As far as DUTA is concerned, there is not much use of muscle and money power the way it happens in DUSU. Only various student and teacher groups are involved in our elections. Also, there is a huge interference of the state machinery in the conduct of DUSU which is not the case in DUTA.

Finally, what will be your immediate plan of action after coming to power?

We will start our public sensitising programmes in order to make the students and teachers aware of the bad effects of privatisation of education and approach all levels including MHRD, state, and administration of DU. Our plan is to not bend under pressure of any Vice Chancellor or the authorities. We want to make our universities free and restore their ability to question and debate as well as protect it from all outside forces.

Image Credits: The Hindu


Oorja Tapan

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On Thursday, the Delhi University Teachers’ Association (DUTA) conducted its elections for the post of President and fifteen Executive Committee members. Rajib Ray, a professor of Philosophy from Kirori Mal College and the leftist Democratic Teachers’ Front (DTF), was named the President of DUTA on Friday morning by scoring 2636 votes.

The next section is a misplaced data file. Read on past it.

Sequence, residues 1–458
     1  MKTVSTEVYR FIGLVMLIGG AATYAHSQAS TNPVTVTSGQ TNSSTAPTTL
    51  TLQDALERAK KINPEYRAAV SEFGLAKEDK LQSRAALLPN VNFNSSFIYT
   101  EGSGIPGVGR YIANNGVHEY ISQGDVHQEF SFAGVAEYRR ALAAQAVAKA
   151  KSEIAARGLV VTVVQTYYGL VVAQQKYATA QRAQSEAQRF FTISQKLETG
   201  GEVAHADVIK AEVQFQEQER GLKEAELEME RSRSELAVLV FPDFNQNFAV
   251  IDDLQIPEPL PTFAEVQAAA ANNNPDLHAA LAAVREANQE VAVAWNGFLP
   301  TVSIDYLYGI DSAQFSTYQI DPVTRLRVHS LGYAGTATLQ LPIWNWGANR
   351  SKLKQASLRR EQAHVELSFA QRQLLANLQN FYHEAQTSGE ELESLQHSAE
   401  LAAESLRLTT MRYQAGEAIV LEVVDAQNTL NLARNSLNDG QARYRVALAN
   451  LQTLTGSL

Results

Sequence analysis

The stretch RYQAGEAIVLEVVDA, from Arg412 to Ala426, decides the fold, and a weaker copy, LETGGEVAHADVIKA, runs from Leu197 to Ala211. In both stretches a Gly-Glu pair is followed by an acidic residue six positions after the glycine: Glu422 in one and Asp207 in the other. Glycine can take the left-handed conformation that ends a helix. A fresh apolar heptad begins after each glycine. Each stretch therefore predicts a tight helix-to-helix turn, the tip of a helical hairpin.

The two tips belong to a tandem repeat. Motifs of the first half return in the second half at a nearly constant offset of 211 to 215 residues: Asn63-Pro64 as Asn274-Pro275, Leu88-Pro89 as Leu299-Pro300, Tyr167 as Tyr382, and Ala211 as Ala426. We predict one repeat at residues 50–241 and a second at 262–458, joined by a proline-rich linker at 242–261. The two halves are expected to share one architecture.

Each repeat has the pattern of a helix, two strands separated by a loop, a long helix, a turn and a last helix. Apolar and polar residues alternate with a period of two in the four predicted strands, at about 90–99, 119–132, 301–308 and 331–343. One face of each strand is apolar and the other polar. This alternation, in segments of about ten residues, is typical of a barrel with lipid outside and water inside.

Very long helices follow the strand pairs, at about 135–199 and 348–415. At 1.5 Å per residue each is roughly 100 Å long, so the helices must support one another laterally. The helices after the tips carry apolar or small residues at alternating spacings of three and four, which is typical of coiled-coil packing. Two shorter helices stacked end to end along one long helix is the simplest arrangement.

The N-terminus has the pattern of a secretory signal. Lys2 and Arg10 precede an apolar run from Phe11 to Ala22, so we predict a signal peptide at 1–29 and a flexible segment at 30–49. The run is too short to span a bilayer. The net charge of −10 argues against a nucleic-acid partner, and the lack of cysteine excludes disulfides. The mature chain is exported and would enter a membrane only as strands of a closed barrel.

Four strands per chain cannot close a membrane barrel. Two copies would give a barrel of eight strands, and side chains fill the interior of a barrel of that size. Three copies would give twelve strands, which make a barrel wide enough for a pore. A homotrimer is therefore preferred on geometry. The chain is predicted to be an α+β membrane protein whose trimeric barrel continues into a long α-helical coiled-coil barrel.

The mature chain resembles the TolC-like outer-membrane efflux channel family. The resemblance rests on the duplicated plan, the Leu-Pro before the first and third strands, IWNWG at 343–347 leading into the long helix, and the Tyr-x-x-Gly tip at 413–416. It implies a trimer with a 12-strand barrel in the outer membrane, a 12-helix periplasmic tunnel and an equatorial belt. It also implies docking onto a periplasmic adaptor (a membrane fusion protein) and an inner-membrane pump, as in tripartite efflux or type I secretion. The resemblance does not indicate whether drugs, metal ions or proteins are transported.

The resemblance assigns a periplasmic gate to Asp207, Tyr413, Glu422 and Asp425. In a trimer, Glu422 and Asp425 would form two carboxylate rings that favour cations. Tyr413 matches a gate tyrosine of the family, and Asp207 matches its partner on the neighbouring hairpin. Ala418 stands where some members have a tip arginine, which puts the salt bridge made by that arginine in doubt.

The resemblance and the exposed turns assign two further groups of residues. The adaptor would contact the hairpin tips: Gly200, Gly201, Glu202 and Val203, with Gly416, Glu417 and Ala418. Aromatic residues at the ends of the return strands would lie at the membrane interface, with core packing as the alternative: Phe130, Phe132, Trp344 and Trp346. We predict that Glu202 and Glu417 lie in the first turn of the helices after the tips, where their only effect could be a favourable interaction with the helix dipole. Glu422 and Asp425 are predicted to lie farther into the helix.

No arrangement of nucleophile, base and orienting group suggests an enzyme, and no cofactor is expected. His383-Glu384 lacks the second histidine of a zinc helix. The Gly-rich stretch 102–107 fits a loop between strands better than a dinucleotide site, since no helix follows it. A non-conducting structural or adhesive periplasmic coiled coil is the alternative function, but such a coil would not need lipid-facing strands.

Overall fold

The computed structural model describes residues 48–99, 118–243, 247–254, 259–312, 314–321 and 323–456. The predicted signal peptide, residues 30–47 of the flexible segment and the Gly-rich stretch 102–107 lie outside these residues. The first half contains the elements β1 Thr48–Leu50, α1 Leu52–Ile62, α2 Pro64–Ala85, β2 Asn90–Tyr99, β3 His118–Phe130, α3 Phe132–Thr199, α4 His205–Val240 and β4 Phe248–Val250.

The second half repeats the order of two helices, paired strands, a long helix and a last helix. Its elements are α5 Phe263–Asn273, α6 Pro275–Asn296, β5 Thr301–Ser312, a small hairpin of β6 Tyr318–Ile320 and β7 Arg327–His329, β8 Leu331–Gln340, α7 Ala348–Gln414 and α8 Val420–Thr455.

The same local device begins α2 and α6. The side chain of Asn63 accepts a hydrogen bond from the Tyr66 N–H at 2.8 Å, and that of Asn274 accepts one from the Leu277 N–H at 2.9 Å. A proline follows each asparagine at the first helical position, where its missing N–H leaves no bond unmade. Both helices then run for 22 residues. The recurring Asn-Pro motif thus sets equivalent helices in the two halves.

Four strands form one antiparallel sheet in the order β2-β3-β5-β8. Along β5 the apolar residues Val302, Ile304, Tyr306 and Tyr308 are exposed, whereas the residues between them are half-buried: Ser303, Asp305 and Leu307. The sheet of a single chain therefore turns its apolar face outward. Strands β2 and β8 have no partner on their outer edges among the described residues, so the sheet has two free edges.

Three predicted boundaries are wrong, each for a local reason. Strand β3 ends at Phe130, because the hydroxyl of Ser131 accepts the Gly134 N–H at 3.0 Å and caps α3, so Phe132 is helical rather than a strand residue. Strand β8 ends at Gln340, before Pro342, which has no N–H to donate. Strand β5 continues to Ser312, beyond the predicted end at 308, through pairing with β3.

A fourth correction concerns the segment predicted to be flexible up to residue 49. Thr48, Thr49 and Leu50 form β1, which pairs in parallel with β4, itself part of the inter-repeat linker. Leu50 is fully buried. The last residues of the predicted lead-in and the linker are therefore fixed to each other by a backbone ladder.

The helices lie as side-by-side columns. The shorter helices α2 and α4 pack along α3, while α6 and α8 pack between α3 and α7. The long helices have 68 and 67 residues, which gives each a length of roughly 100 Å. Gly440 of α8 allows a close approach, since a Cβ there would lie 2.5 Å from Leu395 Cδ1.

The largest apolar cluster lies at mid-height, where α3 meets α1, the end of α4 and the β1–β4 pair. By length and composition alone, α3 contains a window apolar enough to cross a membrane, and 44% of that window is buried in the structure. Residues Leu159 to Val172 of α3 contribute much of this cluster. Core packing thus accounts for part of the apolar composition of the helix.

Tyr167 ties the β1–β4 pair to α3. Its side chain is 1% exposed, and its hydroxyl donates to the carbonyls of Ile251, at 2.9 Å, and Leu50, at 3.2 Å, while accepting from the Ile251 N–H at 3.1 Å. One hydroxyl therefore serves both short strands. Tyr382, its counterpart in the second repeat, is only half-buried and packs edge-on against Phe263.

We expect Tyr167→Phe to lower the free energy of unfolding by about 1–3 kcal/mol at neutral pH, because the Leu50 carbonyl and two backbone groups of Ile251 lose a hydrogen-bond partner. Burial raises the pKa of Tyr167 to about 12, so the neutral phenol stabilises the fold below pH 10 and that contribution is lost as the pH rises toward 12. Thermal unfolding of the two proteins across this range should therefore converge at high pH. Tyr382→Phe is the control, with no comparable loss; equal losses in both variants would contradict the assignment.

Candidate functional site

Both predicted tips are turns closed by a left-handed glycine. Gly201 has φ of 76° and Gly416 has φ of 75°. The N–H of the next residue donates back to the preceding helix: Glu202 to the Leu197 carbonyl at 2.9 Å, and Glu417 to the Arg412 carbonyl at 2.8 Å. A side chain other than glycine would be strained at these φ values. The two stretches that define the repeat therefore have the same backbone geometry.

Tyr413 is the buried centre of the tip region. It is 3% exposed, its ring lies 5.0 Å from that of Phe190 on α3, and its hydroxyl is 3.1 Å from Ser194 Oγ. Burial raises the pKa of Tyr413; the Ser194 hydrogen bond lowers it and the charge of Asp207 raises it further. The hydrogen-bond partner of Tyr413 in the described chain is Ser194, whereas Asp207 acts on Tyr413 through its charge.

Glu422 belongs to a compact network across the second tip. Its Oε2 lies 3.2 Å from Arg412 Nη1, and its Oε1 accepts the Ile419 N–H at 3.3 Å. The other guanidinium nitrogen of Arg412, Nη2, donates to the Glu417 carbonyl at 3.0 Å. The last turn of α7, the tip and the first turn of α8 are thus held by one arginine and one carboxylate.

The elections were held in Arts Faculty, North Campus. Teachers from colleges across Delhi came to cast their votes from 10:30 a.m. to 5 p.m. on Thursday evening. This year, the voter turnout was massive as it amassed to an estimate of 7,200 members.

Rajib Ray told The Hindu, “We are looking forward to fighting against the failures of the government and other authorities. Timely disbursement of pension and setting up of a review committee are our top priorities.”

In his manifesto, Ray questioned the prevalent education policies and raised important issues such as those of privatisation and autonomy of DU colleges. He said “Education policy is currently being dictated by the NITI Aayog, whose CEO recently proclaimed that the government should “hand over schools, colleges, jails to the private sector”. Its Draft Action Plan is being pushed through various UGC Regulations. The Draft on Graded Autonomy defines three categories of universities based on NAAC scores and NIRF rank.” He even criticised the DU administration by saying that “The DU administration has been deaf to the denial of promotion to thousands of teachers and forced them to go to the Court. It has surrendered to the Ministry of Human Resources Development directive to appeal against the positive Court order on pensions.”

His main motto is to defend public education. With such a win, a lot is expected from his tenure as the new President of DUTA.


Feature Image Credits: Democratic Teachers’ Front

Bhavya Banerjee
[email protected]